Question: What are the key areas in which video games need to be improved in order to tell powerful stories more effectively?
I break “story” in video games into three distinct but overlapping elements: The “game narrative,” which includes the plot, the world, and the characters; the “story-telling,” which covers all the techniques used to convey the narrative; and the “player story,” which is the experience as described by one player to another and is wholly unique to games. Anything that could improve upon all three of these elements simultaneously is most likely to have the biggest impact on “story” in games.
Among the most obvious areas that meet this criteria are AI and animation, both of which allow us to create more engaging, surprising, responsive and relatable characters. Relatable characters make a plot more than just a series of events; I start to care about the stakes involved because I care about the characters. Responsive and engaging characters give the worlds we build a sense of verisimilitude, no matter how bizarre the setting; and a well-rendered and well-realized character can be an excellent story-teller as well. As we push further into AI and away from scripted encounters, we can give characters quirks and unpredictable – but understandable – behaviors that will allow them to surprise players and create more individualized player stories, while also making them more “human” and thus even more relatable.
When it comes to AI and animation, we like to dream big, envisioning Westworld-like interactions and Turing-level conversations with NPCs. But, there are thousands of smaller steps we can take now that would all improve “story.” We might improve scheduling or task systems so that NPCs have more flexible routines that can evolve over time or react more effectively to players. We could create more powerful macro-systems that allow an antagonist to relentlessly pursue an end goal, but change tactics based on player choices and actions. Even something as simple as giving characters different animation overlays based on the situation – the shopkeeper is relaxed and casual when addressing a Paladin, but keeps his arms crossed and jaw set when talking to the Thief – would improve all three elements of “story.”
Machine learning is another area that could dramatically improve story in games. There are AI applications in this area, such NPCs developing new behaviors or tactics over time based not just on interactions with one player but with all players. However, more immediately, we should be able to use machine learning to create more interesting assets more efficiently. This could allow us to produce more detailed and immersive worlds for players to explore; or experiment with a wider range of art styles to create more memorable settings. If we truly unleash machine learning for asset creation, we might end up with terrains that are wildly alien, yet still believable because they adhere to an internal logic. It’s conceivable that machine learning could also allow a game to make sweeping changes to environments and characters in very little time, which would in turn allow player choices to impact game worlds in more meaningful ways – transform a desert into a forest with the wave of a wand, or allow the cat people to rebuild a village you’ve already cleared of goblins. One day, machine learning might also make it possible for anyone to play a game in his or her native language without publishers spending huge sums on localization.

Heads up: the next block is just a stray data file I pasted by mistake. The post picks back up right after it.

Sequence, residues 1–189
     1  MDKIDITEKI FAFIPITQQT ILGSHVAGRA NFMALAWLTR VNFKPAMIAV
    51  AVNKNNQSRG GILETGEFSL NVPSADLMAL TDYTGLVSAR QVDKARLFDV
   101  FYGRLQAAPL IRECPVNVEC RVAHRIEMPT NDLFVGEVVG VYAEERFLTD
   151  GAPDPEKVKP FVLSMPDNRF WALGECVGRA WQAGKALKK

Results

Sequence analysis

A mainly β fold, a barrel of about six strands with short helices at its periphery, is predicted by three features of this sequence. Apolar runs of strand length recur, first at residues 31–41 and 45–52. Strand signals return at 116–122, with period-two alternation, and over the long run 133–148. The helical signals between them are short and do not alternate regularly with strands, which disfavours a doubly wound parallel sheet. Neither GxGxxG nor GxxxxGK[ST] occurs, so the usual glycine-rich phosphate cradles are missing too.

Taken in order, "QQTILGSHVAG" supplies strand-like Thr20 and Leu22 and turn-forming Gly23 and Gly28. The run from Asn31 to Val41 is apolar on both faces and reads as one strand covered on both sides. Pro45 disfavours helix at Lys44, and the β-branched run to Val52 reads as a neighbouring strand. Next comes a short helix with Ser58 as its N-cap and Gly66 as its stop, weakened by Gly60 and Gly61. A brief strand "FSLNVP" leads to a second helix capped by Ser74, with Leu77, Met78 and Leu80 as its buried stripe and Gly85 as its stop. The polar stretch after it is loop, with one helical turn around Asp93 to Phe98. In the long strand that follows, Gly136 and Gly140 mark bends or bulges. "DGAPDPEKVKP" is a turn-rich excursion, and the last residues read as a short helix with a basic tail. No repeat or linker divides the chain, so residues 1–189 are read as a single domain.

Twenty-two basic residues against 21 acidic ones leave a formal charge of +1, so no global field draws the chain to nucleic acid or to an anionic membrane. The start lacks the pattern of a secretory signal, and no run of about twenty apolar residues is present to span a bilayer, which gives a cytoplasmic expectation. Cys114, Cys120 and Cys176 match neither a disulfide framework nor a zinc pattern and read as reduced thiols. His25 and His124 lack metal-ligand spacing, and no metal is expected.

Finally, we need to embrace the idea that the players are co-authors of the experience, and innovate on this across all three aspects of “story.” Hundreds of games allow players to be co-authors in the player story by supporting multiple play-styles, branching level design, parametric loot and spawning, an array of weapons, and other features. But, beyond branching dialogue and binary choices at key moments, it is rare that players are actually co-authoring the narrative in any meaningful way; while games that allow players to co-create the world and characters or shape the story-telling techniques are even more elusive. It is my hope is that we one day see games that are essentially story sandboxes where the developers have provided the backbone, rules, and tools (including core gameplay) that players can then explore to craft compelling narratives, all of which are told in ways that are most interesting and engaging to them personally. If we can one day achieve this, then every game story and every player story will be truly unique.
Don't miss Haden's talk in the Design Track on Tuesday 9 July - Everything Tells a Story
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